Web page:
Privacy concerns extend to criminal defendants as well, Keith said. Defendants are often acquitted, have the charges against them dropped or later get their records expunged or sealed. But a video of a hearing can live online indefinitely, making sealing or expungement pointless.
In this new era, anyone with internet access can stumble upon an American criminal court livestream and tune into some of the most personal (and sometimes detrimental) information in a defendant’s life. As Strom points out, these viewers can come across custody disputes and personal injury cases where medical information and photos of injuries are being broadcasted. Outside of law students, officers of the court, and people involved with the case, Strom is made uncomfortable by random viewers. Zoom itself is not a totally secure platform. The FBI has warned of “Zoombombing” in which hackers can hijack a Zoom meeting altogether. This is yet another variable that the bailiffs and metal detectors in the courthouse cannot protect parties from. Professor Sarah Lageson of Rutgers University explains that the notion of heated litigation could prevent parties from going forward with sensitive case like employment discrimination and harassment if they know they could wind up on Facebook Live for everyone they know to see.
Although I have heard judges promise as part of their opening spiel that criminal livestreams are to be removed immediately upon the conclusion of the hearing, this promise is not always followed through on or offered. Anyone can go on YouTube and find criminal livestreams dating back to two hours ago, last week, and even 2020.  Moments of litigants’, attorneys’, and judges’ lives are now preserved online for anyone to see. Sensitive information about domestic violence, child abuse, mental health, and other personal matters can still be viewed when the attendees were promised no one would see their proceeding after it ended. Douglas Keith, counsel at the Brennan Center for Justice, explains that once judges relax their diligence, courts “could have very little control over what people actually do with [the footage].” I find this facet not only frightening, but as a failure of the courts to protect those individuals who have no choice whether they have to come to court.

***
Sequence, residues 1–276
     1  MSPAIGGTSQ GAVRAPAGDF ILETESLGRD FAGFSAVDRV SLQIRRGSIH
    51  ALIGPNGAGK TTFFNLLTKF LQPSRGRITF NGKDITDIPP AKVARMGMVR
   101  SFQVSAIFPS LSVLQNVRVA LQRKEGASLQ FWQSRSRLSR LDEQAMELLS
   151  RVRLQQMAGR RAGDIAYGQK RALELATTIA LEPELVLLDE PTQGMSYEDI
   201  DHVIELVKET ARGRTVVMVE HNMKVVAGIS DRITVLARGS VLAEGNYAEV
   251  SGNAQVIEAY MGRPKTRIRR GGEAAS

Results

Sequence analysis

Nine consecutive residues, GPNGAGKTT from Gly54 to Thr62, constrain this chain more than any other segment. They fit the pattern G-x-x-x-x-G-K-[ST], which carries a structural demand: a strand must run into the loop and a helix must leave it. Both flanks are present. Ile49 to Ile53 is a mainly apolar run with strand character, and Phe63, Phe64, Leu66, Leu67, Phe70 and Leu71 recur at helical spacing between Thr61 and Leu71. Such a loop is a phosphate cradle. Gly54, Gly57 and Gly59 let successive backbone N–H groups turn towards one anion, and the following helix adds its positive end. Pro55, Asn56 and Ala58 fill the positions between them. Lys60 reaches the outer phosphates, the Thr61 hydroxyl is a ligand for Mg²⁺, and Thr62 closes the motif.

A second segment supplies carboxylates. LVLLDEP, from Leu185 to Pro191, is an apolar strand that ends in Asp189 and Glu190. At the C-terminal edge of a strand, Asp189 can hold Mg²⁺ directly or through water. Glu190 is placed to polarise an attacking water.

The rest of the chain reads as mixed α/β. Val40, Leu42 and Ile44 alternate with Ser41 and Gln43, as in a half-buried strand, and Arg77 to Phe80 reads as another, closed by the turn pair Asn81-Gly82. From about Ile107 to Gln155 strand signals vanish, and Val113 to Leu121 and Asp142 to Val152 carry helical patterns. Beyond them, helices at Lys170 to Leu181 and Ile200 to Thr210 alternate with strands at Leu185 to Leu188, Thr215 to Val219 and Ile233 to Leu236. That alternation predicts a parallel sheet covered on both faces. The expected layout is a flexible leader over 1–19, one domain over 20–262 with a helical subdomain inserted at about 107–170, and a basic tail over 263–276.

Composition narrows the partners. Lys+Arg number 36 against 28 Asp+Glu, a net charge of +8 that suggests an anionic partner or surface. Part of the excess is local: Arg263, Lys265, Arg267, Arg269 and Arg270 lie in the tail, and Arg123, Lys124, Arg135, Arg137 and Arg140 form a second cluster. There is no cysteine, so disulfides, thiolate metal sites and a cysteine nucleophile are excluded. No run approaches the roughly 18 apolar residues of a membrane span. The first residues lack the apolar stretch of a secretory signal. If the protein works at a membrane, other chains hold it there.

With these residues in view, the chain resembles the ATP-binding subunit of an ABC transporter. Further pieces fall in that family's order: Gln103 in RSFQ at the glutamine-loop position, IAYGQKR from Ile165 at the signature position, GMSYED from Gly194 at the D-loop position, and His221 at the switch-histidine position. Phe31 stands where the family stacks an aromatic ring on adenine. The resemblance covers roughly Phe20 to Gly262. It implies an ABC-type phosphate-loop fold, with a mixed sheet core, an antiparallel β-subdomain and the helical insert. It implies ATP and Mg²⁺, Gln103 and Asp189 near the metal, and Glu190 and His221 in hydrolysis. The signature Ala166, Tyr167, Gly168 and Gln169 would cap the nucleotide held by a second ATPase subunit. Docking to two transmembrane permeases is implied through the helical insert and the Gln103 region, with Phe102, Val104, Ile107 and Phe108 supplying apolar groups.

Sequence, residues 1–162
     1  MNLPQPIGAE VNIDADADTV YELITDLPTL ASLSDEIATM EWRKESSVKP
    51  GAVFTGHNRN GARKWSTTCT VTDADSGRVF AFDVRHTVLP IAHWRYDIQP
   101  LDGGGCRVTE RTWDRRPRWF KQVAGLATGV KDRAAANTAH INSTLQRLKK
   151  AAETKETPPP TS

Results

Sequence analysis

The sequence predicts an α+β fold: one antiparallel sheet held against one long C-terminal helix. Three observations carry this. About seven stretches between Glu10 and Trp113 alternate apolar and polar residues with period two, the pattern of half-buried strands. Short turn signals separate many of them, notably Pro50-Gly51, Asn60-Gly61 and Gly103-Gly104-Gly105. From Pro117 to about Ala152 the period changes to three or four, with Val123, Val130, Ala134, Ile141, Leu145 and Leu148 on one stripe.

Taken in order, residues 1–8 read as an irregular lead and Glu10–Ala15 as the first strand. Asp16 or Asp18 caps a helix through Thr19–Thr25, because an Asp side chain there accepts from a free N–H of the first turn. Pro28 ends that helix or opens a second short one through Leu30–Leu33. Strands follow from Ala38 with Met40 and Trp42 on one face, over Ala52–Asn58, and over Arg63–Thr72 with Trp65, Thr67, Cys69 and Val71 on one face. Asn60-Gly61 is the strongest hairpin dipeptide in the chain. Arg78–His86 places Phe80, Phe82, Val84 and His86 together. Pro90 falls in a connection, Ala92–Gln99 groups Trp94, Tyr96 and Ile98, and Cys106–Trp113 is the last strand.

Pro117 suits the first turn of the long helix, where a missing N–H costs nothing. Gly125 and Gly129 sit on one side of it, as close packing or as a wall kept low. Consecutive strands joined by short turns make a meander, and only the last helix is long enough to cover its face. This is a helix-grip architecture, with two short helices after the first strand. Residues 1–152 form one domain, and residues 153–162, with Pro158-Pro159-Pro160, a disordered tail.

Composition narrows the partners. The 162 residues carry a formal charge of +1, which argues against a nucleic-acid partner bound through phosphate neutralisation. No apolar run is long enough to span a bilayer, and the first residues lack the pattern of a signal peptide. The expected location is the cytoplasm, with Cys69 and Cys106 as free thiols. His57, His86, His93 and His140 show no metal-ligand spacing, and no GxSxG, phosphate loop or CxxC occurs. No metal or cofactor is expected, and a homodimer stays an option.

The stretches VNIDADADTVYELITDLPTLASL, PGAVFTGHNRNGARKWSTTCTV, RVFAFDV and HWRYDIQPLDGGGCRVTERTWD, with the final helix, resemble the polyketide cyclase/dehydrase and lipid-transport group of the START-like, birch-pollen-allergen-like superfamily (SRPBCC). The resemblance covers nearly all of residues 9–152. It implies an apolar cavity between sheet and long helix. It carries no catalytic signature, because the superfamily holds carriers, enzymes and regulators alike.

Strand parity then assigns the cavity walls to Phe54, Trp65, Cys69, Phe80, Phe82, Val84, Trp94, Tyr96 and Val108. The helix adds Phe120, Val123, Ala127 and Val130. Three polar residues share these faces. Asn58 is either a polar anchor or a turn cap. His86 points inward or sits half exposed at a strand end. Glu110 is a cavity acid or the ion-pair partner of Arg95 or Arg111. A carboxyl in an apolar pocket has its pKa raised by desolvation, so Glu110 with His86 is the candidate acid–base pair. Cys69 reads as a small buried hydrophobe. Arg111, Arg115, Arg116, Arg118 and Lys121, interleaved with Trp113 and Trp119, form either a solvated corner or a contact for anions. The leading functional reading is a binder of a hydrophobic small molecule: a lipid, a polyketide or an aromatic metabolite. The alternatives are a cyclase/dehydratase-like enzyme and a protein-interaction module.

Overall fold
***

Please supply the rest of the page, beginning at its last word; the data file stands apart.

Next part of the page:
In a survey on remote criminal proceedings reported by in the Texas Tech Law Review, a large majority of judges and defense attorneys agreed that online proceedings saved time or resources for the court and litigants. While this is certainly true, there is doubtlessly a costly tradeoff.
Does Anyone Take the Judge’s Warnings Seriously?
Although warnings not to record are very serious with equally serious consequences if caught, there is absolutely no guarantee that each attendee is listening, understands this warning, or will abide by these rules. Zoom attendees consistently slip up and blurt out information they shouldn’t. Instead of this being a mere blip in a courtroom, a much wider audience can now access this information, and put it to whatever use they desire. Contrastingly, during an in-person proceeding, if someone in the gallery was caught by a bailiff recording anything, they would be held in contempt while someone online would presumably never be found out. Court websites containing streaming links warn spectators not to record any aspect of the streaming. The Cook County, Illinois Courthouse website offers this toothless sentiment above the links to livestreaming:
Warning: Recording, video/audio taping, photographing or otherwise reproducing, saving or distributing the remote Zoom/YouTube feeds is strictly prohibited. The recording, publishing, broadcasting or other copying or transmission of courtroom proceedings by video, audio, still photography or any other means is strictly prohibited by Illinois Supreme Court Rule 63(A)(8) and is subject to the penalties for contempt of court.
Warning: Mature subject matter being streamed.
Nothing about this warning excerpt can reach through the screen and put a “livestreamer” in contempt of court. The odds of someone actually reading this warning and taking it seriously before clicking to the livestream is low. Courts in California, Georgia, and Washington share similar warnings. Judges will snap at defendants and witnesses not to share personal information such as names and addresses, but we are only human, and precious information is now being broadcasted to an incredibly wider audience than ever imagined by the Framers.
What Would You Do?
When the Constitution required public access to the courts, the Framers couldn’t have imagined this public access would be available through a computer screen from anywhere else in the world. While there is not one correct way to meet this publicity standard, I believe the privacy concerns posed by livestreaming to YouTube or another platform outweigh the public access guarantee of using these platforms with such wide reach. Besides allowing for court to continue in a pandemic, increased observation and visibility in the courtroom brings a high level of accountability for judges, prosecutors, and defense attorneys.